Calcutta High Court held Arbitrator’s refusal to decide question of interest under the MSMED Act constitutes a “decision” and therefore, can be challenged under Section 34 of the Arbitration and Conciliation Act, 1996.
Based on facts, the Supreme Court said that gunshots fired indiscriminately could be said to be a criminal act done by several persons in furtherance of the common intention of all.
“Arbitration is a private form of dispute resolution, however, the arbitral proceedings must meet the juristic requirements of due process and procedural fairness and reasonableness, to achieve a ‘judicially’ sound and objective outcome or award”.
This report covers the Supreme Court’s Never Reported Judgment dating back to the year 1952 on the credibility of injured eyewitnesses.
“It is essential that there be illegalities or deficiencies at the face of the Award which shocks the conscience of the Court for it to qualify to be set aside by an act of this Court while adjudicating upon a petition filed under Section 34 of the Arbitration and Conciliation Act, 1996.”
A party cannot simply raise an objection on the ground of patent illegality if the Award is against them. Patent illegality requires a distinct transgression of law, the clear lack of which makes the petition a pointless effort of objection towards an Award passed by a competent Arbitral Tribunal.
Section 34 of the Arbitration Act is a clear and unequivocal embodiment of the Legislature‘s intent to balance the competing facets of arbitration, I.e., on one hand, while courts are enjoined to follow the minimalist intervention route, it would clearly be a travesty of justice if they were to fail to intervene where circumstances warrant, and demand corrective measures being adopted.
The Supreme Court explained that the older Act enabled the Court to modify an award, a power which was consciously omitted by Parliament while enacting the 1996 Act, hinting towards exclusion of power to modify an award.
Indian Railway’s has failed to substantiate its grounds for setting aside the impugned Arbitral Award that the impugned award suffers from patent illegality and the findings therein are perverse and would shock the conscience of this Court.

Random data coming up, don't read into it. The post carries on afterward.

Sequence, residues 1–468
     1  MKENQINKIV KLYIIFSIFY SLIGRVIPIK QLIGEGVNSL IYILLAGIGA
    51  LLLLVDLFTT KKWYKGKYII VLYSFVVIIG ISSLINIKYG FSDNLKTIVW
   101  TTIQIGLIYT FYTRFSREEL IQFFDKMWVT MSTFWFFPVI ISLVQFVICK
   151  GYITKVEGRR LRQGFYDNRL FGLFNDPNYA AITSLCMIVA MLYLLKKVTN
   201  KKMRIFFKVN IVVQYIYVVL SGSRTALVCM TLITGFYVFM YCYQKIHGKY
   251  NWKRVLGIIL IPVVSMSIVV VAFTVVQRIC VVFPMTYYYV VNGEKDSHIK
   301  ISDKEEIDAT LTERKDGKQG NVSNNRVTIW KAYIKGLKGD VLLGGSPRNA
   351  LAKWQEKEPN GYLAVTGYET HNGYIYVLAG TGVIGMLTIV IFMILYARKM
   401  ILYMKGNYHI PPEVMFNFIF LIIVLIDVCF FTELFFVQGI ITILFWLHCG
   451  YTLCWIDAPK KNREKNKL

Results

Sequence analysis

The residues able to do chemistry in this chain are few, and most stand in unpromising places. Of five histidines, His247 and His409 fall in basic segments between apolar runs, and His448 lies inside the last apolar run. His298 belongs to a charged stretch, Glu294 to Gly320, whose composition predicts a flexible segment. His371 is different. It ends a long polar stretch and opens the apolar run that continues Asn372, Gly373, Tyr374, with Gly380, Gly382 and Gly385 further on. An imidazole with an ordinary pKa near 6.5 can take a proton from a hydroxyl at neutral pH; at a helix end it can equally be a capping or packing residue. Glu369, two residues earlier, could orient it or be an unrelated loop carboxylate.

“The Tribunal provided reasons for the findings delivered, and there was no perversity apparent on the face of the record or which goes to the root of the matter. Therefore, the impugned Award could not be said to be patently illegal.”
The concession agreement is neither a statute, nor is it a law which protects the national interests of this nation and a mere failure of the arbitral tribunal to consider an argument on the same would not render the arbitral award in contravention of the fundamental policy of Indian law.
India has long hoped to become an arbitration hub and providing time bound mechanisms for resolving disputes will certainly be a feather in the cap. Introducing Section 29A by way of amendment is therefore intentioned to ensure that the disputes in arbitration are adjudicated in a time-bound manner.
The scope of a challenge under Section 34 Arbitration and Conciliation Act, 1996 and Section 37 of the Arbitration Act, 1996 is limited to the grounds stipulated in Section 34 Arbitration Act.
The ground of Patent illegality gives way to setting aside an Arbitral Award with a very minimal scope of intervention. A party cannot simply raise an objection on the ground of patent illegality if the Award is simply against them. Patent illegality requires a distinct transgression of law, the clear lack of which thereof makes the petition simply a pointless effort of objection towards an Award made by a competent Arbitral Tribunal.
All that the respondent wished for was a better roof over the head of his family. It was for this objective that the collaboration agreement was devised, but the appellant subjected the respondent to undue harassment on account of his illegal designs which led to the registration of the FIR, and the respondent had to run from pillar to post due to the direct acts of the appellant. Such circumstances do warrant awarding of damages on account of mental agony and harassment.
Bombay High Court: In a petition filed by Gammon Engineers & Contractors Pvt. Ltd. under Section 34 of the Arbitration Act, 1996
Supreme Court: In a case where the Punjab and Haryana High Court not only set aside the judgment of the District Judge
Supreme Court: While settling the dispute between Anglo American Metallurgical Coal (AAMC) and MMTC Ltd, the bench of RF Nariman* and KM
“The entire approach of the Division Bench is flawed.”
Supreme Court: The question before the division bench of Ravindra Bhat and Indira Banerjee, JJ. was whether a foreign award rendered in